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General Electric Builds An Ai Workforce MIT Technology Review Stage Fright Media

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When Jason Nichols joined GE Global Research in 2011, soon after completing postdoctoral work in organic chemistry at the University of California, Berkeley, he anticipated a long career in chemical research. But after four years creating materials and systems to treat industrial wastewater, Nichols moved to the company's machine-learning lab. This year he began working with augmented reality. Part chemist, part data scientist, Nichols is now exactly the type of hybrid employee crucial to the future of a company working to inject artificial intelligence into its machines and industrial processes. Fifteen years ago, GE's machine operators and technicians monitored its aircraft engines, locomotives, and gas turbines by listening to their clanks and whirs and checking their gauges.


Classifiers 101: The Power Behind Automation in Systematic Reviews

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As a marketing specialist, Jennifer Baguss brings years of digital content writing and marketing experience to the EP team. Her background in journalism makes her a thoughtful and concise writer with a keen interest in taking complicated concepts and making them easily digestible for those who wish to learn. When she's not writing, you can catch her on two wheels, mountain biking, road biking, and even fat biking in the winter!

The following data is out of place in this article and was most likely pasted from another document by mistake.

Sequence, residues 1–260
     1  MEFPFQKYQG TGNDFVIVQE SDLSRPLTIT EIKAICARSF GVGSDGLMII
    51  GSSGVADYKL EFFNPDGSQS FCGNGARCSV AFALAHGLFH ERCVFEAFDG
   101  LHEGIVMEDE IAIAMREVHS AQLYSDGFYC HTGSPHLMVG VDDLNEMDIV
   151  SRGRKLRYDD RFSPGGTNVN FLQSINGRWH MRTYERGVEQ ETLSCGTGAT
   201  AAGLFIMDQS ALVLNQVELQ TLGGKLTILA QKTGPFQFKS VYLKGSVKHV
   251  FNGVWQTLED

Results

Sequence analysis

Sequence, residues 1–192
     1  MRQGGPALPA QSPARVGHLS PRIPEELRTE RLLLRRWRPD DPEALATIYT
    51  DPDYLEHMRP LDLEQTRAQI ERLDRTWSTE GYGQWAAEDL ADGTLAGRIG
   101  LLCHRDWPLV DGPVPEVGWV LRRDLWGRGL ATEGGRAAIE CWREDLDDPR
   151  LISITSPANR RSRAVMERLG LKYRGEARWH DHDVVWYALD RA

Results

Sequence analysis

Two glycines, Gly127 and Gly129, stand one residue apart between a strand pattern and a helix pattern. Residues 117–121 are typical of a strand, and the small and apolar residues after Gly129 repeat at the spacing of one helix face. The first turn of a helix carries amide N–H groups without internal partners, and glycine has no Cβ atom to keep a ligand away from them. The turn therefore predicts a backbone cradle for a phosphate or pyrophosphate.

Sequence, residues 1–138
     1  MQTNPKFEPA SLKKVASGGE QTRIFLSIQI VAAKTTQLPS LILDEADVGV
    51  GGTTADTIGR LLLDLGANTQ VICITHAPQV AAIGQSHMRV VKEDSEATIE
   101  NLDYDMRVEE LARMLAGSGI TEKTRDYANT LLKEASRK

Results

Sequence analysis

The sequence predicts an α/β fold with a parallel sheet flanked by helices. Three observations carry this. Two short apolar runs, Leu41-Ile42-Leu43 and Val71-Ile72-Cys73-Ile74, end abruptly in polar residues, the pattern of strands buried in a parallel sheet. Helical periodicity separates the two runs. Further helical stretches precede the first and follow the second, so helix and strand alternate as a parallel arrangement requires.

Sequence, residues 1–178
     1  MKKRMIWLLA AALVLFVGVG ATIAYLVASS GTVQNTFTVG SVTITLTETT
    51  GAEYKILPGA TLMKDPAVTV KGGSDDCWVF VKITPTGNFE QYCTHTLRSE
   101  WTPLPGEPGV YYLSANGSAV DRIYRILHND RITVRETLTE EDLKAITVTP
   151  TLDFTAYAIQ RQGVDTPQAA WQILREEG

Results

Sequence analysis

Netflix Is Eliminating All of Its User Reviews

Slate

If you need to rave about the latest episodes of GLOW or rant about the upcoming season of Orange Is The New Black, get it out of your system before July 30. By the end of the month, Netflix will be eliminating its user reviews feature. Previously posted comments will be deleted by mid-August. User reviews were only available on Netflix's desktop layout and not on any of the companies different streaming apps, such as mobile or smart TV. The comments, similar in format to Yelp reviews, have no effect on what shows are recommended to users, according to reporting from CNET.


MIT Technology Review on Twitter

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In 2016, a @ProPublica investigation argued that an algorithm used in the US criminal legal system was biased against black defendants.


MIT Technology Review on Twitter

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On #WorldSmileDay, consider the nuances of what a smile might mean. People do smile when they're happy, but a smile can be wry or ironic. It's no wonder emotion recognition by computers is deeply flawed.